Kenya’s stock market has the lowest returns above those available on risk-free government securities when compared to 15 other frontier and emerging markets.
An analysis by investment bank EFG Hermes shows that investors on the Nairobi Securities Exchange (NSE) #ticker:NSE stand to earn average annual returns of 12 percent, a mere 2.2 percentage points above the interest rate on the 12-month T-bill.
This means that stock market investors are earning a small excess return for the risks they face, including share price decline and loss of capital when they sell stocks at levels below the purchase price.
Other markets have higher excess returns, technically known as equity risk premium, including Tanzania’s 9.6 percent. Sri Lanka has the highest risk premium of 16.1 percent.
The NSE’s poor rating is a reflection of the market’s long-running bear run and inclusion of many firms that are either in losses or suffering reduced profitability.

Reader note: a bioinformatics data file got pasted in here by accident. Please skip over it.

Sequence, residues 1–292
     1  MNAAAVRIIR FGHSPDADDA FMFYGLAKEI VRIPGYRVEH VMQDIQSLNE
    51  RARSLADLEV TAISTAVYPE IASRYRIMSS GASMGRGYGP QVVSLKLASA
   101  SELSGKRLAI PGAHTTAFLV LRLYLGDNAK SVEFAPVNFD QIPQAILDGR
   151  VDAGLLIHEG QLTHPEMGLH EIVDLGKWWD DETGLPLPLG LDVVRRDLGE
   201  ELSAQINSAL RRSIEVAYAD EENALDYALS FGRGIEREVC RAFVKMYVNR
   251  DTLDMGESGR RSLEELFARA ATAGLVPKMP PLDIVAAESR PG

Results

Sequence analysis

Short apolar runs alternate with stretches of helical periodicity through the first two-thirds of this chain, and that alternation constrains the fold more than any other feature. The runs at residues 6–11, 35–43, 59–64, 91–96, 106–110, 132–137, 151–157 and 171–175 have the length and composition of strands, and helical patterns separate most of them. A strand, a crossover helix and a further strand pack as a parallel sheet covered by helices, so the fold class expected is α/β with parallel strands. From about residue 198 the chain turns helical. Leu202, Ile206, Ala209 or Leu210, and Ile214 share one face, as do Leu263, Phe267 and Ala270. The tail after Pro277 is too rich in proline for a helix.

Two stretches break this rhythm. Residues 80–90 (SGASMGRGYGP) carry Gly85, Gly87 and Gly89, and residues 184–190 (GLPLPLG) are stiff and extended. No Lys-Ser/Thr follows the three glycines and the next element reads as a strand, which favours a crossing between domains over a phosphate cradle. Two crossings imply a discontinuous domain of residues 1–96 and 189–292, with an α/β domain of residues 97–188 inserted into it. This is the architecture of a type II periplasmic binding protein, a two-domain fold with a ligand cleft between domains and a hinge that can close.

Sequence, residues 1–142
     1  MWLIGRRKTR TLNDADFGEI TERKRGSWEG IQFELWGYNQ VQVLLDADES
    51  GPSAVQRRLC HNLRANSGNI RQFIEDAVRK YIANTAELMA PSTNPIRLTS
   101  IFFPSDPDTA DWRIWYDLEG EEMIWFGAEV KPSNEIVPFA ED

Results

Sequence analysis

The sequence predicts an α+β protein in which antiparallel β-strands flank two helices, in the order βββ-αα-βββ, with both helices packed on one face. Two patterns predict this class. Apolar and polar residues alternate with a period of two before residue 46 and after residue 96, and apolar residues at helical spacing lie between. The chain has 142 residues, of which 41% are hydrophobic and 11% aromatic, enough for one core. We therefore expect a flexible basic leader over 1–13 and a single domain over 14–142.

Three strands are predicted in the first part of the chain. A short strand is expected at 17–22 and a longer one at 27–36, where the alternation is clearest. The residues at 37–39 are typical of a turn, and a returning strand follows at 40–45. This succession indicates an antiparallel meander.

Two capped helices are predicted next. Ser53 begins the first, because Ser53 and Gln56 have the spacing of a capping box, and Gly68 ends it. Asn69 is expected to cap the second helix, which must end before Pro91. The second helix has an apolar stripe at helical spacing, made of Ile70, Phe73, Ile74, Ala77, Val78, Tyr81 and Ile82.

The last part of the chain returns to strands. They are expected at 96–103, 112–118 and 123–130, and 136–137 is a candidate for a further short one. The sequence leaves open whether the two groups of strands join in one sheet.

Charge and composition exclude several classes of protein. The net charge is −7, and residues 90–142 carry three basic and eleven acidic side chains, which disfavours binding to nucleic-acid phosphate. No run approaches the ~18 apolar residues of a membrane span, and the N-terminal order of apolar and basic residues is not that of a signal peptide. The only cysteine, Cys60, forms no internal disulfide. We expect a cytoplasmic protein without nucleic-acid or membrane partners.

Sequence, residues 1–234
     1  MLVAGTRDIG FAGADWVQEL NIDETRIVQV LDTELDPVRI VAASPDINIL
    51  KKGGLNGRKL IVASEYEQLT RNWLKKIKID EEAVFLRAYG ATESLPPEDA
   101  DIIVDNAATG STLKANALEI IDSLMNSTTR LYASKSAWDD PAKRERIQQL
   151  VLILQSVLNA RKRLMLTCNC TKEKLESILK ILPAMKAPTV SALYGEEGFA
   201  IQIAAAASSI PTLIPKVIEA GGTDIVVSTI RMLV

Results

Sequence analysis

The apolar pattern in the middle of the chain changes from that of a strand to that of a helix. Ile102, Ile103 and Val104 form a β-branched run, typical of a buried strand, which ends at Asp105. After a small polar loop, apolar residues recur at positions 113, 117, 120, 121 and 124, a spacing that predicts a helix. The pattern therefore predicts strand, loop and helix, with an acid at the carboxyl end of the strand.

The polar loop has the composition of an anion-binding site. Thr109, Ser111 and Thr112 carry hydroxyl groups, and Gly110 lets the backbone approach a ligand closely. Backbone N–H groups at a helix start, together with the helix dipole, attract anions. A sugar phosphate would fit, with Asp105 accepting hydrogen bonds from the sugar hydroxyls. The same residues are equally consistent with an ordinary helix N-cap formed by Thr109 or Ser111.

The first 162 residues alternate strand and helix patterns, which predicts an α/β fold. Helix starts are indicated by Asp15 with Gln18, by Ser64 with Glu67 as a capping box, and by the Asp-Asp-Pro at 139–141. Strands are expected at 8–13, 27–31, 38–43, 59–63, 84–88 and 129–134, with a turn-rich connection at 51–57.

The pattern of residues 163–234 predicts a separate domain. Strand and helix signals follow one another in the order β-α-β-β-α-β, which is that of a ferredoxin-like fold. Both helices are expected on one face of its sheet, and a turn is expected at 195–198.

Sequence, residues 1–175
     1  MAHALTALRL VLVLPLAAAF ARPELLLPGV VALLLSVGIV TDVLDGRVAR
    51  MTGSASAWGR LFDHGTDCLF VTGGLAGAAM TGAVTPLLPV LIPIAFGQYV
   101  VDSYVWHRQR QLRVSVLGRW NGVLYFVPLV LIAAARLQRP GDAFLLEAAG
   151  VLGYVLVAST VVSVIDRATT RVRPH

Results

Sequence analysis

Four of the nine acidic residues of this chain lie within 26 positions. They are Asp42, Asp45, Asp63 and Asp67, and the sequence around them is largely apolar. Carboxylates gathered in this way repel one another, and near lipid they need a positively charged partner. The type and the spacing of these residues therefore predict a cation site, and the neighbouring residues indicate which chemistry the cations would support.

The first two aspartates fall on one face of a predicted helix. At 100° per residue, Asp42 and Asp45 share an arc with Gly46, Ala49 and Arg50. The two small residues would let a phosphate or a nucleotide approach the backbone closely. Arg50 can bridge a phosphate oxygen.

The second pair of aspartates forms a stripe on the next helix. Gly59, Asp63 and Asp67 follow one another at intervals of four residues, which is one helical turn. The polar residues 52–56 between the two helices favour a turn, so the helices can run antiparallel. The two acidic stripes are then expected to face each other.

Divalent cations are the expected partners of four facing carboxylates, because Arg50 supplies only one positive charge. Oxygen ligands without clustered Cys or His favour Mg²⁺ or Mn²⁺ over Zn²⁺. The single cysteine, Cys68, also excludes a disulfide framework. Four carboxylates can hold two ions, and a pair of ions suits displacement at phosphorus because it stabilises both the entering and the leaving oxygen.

While there are a select few firms on the NSE with annualised yields above the 12-month T-bill, the market is weighed down by a majority of firms still reporting low profits or losses.
The search for yields has thus seen the NSE’s bonds segment outpace equities in turnover growth in recent years.
Last year, investors traded bonds worth Sh956 billion at the bourse, outpacing the previous year’s total of Sh691 billion by 38 percent. On the other hand, equities turnover fell by 7.6 percent to Sh137 billion from Sh148 billion in 2020.